Part no: ESME160LGB104MAC0U
Package: can, 35mm dia x 120mm high.

You can add more of these capacitors in parallel to get longer hold-up time. You can also increase the hold-up time by selecting a diode with a lower forward drop, such as a Schottky.

R1 will limit the current into the capacitor when the fresh battery is connected. Select this resistor to withstand the maxium power dissipation expected. Its resistance value is not that critical; the higher its value, the longer it takes to charge C1 up to the battery voltage, which may be a consideration for when you are connecting this only during battery change-over. For your application this could be increased to 1kΩ or even 10kΩ without any problems; but don't increase too high otherwise the leakage current of the capacitor may prevent it from reaching the battery voltage.

If this added circuit is temporary, the procedure will be:
Step 1: Connect the circuit across the load.
Step 2: Wait for C1 to charge up to the battery voltage (within 0.1V will be OK).
Step 3: Disconnect the old battery. You now have a time limit to complete the next step.
Step 4: Connect the fresh battery.
Step 5: Disconnect the circuit.
Step 6: Discharge C1 to be safe for transport.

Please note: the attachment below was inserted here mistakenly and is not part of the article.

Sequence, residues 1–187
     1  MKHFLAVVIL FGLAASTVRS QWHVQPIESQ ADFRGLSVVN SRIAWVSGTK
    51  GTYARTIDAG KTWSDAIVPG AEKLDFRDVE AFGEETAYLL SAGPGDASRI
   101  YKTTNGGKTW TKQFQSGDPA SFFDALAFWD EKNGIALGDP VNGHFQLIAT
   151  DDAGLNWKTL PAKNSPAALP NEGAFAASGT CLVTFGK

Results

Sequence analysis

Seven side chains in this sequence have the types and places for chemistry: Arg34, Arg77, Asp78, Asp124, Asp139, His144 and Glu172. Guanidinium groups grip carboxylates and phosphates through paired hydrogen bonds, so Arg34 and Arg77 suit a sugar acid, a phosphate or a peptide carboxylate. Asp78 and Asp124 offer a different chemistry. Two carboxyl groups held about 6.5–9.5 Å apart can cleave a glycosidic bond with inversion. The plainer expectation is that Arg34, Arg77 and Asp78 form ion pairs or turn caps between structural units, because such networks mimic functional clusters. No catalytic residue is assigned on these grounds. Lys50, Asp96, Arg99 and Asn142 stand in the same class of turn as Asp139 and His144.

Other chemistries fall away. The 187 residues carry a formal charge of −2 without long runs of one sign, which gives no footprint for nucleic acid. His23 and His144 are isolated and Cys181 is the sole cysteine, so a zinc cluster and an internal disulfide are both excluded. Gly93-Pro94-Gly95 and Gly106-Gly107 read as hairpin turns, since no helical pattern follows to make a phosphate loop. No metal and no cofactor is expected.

You may have heard of "super-capacitors", these have values of capacitance measured in Farads; however, when I looked I could not find many examples rated at voltages over 6V that were of reasonable size and cost. I would not recommend connecting these types of capacitors in series to try to increase the voltage (the voltage-sharing issues may be difficult to manage).

I could not seem to find a suitable unit rated at, say, 16V and 1F. The higher voltage types that I found were quite expensive and physically large, here is one example, but it is 58 Farads - over 500 times more than what you need.

OEM = LICAP Technologies, Inc.
OEM PN: SM0058-016-P-1
Desc = CAPACITOR 58F 0%/20% 16V CHAS

Capacitors smaller than 100mF are readily available and quite low-cost. For example, 10mF (10,000uF) 16V in a leaded can, each one of these will give 1 second of hold-up time:

Part no: B41231A4109M000
Package: can, 22mm dia x 27mm high.


If you're outside of the arctic/antarctic circles and above ground install a solar panel

Eg a 15W solar charger costs less than the 7AH lead acid battery it could easily maintain at your 7 days discharge rate assuming one hour of daylight per day. (if you use bigger batteries the cost will still scale similarly)